I cannot tell this deliciousness in a single word

I cannot tell this deliciousness in a single word

There is nothing sexy about the name, “Torrance.” Few ears would perk up the way mine did when my friend L. said she had to drive there on an errand yesterday. But you see, I’ve been longing to try one of the confections at Patisserie Chantilly for more than three years.

“So you want to come along?” she asked rhetorically.

The next day L. picked me up and we headed down the 405. Torrance is about as far south as you can go in the South Bay. It’s on the other side of the Palos Verdes Penninsula from my old stomping grounds of San Pedro, where I lived for a year, on and off my grandfather’s sailboat. So I had done my research. Chantilly wasn’t the only stop I wanted to make.

“Exciting,” said L., “I love being a tourist in my own city.”

Torrance 101
Indeed, going to Torrance is like going to another world. What Wikipedia calls a “large-scale Asian immigration” has taken place here in the last few decades – possibly attributable to the fact that both Honda and Toyota have their U.S. headquarters here. As of 2010, Asians represented 34.% of the population in Torrance. There are dozens of sushi restaurants serving both traditional (like Restaurant Miura) and modern (like Sushi Gone Wild). There are places like Gaja, which specializes in Japanese pancakes (called okonomiyaki). There are Japanese noodle houses, some known for udon, some for ramen. There are yakitori joints and places like Musha that specialize in izakaya (small plates). I think you catch my drift. If you’re looking for Asian food – especially Japanese food – you will find it here.

Although Chantilly isn’t technically in Torrance (it’s in neighboring Lomita), I’ve been wanting to try their black sesame cream puffs since Jonathan Gold put them on his 99 Things to Eat list in 2010. After grabbing our sweets at Chantilly to go, we headed to Daiso Japan – it’s essentially a Japanese dollar store. Presumably everything here comes from Asia, mostly Japan, and costs only $1.50. Before we knew it, we’d spent more than an hour and a half wandering the aisles of this discount fantasy land.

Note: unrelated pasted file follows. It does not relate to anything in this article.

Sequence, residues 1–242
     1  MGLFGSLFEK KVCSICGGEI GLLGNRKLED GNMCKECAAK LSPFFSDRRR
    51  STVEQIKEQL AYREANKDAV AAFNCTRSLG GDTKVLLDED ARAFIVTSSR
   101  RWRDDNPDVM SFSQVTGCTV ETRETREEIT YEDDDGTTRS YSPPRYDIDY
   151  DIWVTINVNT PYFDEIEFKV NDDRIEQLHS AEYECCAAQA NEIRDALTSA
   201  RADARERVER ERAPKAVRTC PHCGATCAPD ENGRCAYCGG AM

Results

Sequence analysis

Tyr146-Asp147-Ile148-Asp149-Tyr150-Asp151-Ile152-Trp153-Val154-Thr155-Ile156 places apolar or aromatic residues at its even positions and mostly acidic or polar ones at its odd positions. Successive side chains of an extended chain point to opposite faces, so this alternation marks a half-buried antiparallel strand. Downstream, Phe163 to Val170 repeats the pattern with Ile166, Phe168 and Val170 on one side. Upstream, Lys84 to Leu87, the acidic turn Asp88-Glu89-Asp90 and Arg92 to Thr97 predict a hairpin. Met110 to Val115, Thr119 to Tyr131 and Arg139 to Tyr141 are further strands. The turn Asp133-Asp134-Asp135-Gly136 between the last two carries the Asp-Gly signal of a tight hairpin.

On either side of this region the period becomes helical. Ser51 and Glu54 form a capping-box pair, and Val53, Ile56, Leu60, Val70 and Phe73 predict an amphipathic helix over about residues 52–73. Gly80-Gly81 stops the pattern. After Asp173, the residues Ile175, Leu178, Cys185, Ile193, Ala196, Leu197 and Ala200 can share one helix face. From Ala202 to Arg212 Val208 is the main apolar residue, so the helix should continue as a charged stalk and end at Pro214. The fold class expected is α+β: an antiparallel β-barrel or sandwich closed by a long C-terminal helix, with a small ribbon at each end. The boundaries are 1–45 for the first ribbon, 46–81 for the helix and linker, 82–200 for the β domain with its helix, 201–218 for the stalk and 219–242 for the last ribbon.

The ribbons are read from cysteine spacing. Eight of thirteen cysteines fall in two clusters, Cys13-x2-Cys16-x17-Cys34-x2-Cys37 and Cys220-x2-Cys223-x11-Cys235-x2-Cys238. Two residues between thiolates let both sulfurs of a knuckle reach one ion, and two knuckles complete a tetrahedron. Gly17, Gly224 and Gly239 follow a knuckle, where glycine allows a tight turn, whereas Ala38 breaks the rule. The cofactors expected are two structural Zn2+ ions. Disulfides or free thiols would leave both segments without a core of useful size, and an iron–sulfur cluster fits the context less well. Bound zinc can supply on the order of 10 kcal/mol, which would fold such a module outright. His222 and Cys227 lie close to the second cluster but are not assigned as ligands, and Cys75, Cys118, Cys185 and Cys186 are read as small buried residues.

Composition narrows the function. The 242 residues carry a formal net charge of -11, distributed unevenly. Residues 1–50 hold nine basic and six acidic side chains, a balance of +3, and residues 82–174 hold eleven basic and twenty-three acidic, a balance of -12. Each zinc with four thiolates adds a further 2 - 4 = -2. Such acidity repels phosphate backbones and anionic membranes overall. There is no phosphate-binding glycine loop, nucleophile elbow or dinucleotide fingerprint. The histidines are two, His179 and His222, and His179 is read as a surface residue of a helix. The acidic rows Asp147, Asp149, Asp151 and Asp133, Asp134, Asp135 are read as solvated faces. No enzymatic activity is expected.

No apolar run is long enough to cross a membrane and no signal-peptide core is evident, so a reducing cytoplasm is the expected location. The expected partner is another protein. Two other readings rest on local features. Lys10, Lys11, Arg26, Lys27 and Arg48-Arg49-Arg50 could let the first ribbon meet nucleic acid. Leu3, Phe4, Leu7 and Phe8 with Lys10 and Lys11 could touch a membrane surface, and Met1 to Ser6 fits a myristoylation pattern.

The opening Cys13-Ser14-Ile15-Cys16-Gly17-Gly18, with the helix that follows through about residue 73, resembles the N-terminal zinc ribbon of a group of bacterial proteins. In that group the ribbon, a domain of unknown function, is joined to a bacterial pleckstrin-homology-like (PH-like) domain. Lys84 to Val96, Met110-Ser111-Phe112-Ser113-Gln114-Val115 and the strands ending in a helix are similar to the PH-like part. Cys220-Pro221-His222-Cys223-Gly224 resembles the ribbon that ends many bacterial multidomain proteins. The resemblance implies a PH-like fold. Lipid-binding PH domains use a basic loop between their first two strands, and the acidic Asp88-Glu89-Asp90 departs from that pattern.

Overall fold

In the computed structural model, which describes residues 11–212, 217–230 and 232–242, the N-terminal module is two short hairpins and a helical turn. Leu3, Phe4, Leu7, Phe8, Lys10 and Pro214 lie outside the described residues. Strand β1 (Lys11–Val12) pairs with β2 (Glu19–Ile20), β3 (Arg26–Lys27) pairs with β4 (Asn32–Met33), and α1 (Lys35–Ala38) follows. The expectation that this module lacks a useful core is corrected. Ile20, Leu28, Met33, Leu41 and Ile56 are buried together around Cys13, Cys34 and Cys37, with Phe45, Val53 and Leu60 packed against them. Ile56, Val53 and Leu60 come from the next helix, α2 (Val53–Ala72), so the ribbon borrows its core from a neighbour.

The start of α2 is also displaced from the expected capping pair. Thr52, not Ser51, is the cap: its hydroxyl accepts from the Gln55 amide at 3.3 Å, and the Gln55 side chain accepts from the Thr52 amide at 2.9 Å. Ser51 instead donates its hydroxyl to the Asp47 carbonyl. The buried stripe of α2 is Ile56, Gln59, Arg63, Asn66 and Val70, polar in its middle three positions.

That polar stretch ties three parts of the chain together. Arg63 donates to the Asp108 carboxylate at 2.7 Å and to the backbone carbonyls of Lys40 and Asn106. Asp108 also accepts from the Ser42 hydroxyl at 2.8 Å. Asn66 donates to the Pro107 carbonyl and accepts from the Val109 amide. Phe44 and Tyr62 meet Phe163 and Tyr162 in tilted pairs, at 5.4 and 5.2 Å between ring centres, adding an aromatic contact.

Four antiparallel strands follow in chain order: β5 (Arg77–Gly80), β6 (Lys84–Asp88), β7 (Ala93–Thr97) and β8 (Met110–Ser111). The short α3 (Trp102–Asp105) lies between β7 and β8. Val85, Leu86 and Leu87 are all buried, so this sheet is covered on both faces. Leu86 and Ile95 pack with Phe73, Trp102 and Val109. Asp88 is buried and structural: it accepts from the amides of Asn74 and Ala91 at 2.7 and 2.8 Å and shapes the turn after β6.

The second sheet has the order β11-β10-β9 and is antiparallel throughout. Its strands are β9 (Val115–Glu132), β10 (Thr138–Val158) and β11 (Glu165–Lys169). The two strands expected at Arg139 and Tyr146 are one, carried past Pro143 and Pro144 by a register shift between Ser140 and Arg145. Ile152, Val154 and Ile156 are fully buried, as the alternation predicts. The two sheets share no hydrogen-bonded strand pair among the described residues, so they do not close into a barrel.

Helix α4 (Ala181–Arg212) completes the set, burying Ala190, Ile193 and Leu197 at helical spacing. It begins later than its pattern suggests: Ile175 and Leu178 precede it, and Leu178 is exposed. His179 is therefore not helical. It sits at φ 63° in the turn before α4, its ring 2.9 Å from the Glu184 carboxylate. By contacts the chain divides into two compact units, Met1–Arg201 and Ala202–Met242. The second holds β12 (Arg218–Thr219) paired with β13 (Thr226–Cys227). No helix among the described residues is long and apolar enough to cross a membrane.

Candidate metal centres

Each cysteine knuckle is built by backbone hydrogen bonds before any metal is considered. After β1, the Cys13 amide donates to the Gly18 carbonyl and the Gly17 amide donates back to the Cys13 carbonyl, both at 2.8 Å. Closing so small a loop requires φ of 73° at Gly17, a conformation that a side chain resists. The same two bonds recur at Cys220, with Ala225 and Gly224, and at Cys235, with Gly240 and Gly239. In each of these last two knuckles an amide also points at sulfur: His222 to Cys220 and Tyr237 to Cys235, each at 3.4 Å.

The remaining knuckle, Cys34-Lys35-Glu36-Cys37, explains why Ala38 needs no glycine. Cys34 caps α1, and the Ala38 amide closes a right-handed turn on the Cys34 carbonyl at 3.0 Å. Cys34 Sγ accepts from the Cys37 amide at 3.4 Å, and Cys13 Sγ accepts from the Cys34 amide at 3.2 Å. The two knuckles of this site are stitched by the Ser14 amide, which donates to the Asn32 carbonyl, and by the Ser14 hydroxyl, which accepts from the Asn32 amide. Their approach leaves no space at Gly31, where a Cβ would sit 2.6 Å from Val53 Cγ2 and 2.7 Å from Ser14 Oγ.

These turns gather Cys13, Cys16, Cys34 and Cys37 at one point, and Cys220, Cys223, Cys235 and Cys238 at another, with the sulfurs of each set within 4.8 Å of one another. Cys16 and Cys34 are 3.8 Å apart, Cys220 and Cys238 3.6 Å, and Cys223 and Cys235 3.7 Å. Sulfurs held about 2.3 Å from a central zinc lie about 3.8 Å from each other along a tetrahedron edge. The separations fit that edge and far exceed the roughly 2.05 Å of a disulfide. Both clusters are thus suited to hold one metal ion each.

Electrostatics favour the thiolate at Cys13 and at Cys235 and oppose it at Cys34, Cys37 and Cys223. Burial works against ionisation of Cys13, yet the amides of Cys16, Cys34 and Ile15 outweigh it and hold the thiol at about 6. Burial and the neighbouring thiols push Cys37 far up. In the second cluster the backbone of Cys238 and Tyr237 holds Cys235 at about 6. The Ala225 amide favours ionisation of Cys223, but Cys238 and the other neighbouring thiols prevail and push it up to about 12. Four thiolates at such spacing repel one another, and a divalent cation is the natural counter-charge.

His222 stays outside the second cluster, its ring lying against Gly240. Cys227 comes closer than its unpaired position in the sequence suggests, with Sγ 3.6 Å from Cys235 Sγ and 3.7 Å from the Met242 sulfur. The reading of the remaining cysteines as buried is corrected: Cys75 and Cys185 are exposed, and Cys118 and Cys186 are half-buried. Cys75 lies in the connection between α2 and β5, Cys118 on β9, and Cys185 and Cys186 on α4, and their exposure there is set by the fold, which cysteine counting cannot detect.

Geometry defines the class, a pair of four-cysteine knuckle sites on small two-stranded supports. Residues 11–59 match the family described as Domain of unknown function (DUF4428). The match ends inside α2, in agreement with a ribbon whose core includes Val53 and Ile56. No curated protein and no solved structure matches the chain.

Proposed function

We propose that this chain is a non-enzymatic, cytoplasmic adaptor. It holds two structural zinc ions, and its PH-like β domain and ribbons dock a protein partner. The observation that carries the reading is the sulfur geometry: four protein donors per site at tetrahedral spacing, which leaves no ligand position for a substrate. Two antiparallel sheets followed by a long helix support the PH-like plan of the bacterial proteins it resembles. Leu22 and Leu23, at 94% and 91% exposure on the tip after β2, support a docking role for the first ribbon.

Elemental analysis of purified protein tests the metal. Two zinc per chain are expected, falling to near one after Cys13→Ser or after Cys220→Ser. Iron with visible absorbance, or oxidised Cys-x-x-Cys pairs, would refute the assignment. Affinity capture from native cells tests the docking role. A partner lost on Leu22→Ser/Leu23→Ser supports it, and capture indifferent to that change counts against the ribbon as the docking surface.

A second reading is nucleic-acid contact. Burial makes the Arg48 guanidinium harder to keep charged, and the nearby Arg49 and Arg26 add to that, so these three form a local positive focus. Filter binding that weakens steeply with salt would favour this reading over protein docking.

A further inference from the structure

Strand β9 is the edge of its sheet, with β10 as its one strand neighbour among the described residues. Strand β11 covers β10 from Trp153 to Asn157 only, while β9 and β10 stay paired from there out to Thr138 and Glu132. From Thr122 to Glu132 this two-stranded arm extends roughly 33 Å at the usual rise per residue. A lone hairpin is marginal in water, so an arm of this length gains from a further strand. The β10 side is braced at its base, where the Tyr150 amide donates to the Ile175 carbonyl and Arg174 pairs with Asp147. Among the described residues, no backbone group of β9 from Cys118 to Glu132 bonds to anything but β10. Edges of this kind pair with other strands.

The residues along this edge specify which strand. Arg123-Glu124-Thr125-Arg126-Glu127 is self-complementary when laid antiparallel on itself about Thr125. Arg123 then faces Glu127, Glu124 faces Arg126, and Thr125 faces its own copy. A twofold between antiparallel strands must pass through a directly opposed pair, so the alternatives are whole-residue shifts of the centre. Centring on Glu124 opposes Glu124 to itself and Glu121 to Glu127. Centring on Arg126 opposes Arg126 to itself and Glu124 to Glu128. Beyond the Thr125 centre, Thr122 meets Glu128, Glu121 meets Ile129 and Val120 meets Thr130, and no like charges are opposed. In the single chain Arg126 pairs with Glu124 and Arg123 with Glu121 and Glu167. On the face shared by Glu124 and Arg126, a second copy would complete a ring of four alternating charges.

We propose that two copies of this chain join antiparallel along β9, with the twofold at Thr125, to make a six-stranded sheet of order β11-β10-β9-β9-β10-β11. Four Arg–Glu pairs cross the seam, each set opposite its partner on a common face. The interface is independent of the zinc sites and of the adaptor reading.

We played with pink and white pinwheels and tried on funny plastic masks that made us look like characters from Crouching Tiger, Hidden Dragon. There were decorative papers to put inside your sushi lunch box; hundreds of varieties of chopsticks; plastic containers galore in bright pinks, oranges and yellows.  In the food aisle I found “milk candy,” some sort of ramen “crackers” which listed MSG at the fourth ingredient yet boasted “No artificial flavor” on the package. Both L. and I were drawn to the “Butter and Salt Candies” whose wrapper stated, “I am sorry that I cannot tell this deliciousness in a single word.”  I came home with a little glass-bobbled wind-chime, wrapping paper, bubble-blowers in the shape of swords, a wind-up fan and my purchase-of-the-day: a pink mini-mandolin that I plan to add to my chef’s kit. (For an amusing photo tour of our 1.5 hours at Daiso Japan, see the bottom of this page.)

Bento break
Afterwards, starving, we searched for a place to eat. Craving noodles, I googled “udon” and although the udon connection is faint at best, we landed at a Korean-Japanese-Hawaiian fusion place called Asian Bento Kitchen. We were looking for something on our way home, so the restaurant is technically in Redondo Beach. I will have a hard time not stopping in here every time I’m in the South Bay from now on.

We both ordered their signature Bento Bowls, I got pork belly and L. got the spicy chicken. Much like Bibimbap, but served in a regular bowl instead of an iron cauldron, it contained a bed of rice, dressed in cream (that’s what the menu said, though it tasted like mayo to me) and a sweet hot sauce that tasted like gochujang. The rice was topped with broccoli rabe, pickled radishes, a fried egg, toasted almond slivers and parmesan cheese. It also contained a large portion of pork belly: crispy on the outside, fatty-dissolving goodness on the inside. It sounds so weird. But I can actually tell this deliciousness in a single word: yum.

Choux aux Sesame.

Choux aux Sesame.

Oh, the places you’ll go
Back at home, I opened the neat paper box from Patisserie Chantilly. I haven’t really latched on to the idea of Japanese bakeries. So Japanese pastry chefs can make French pastries. What’s the catch? And I’ve never been wowed by Japanese confections – as Gold says, they are often, “squishy, gummy things that look a lot better than they taste.” But here I was, about to eat a very French pastry with a French name: Choux aux Sésames Pâte. What about it exactly was so special?

Since I’d been waiting years to try this little confection, I was worried about being disappointed. On the outside, it looked like it might have a dry, scone-like consistency. I was afraid the black sesame filling would taste overly sweet and frosting-like. I took a bite. The puff pastry collapsed, imploding with a gush of sesame-flavored whipped cream. The filling was earthy: the texture reminded me of Swedish semla, when they add cardamom to the cream. But it tasted exotic, almost smoky. I closed my eyes and, for a moment, was in Tokyo.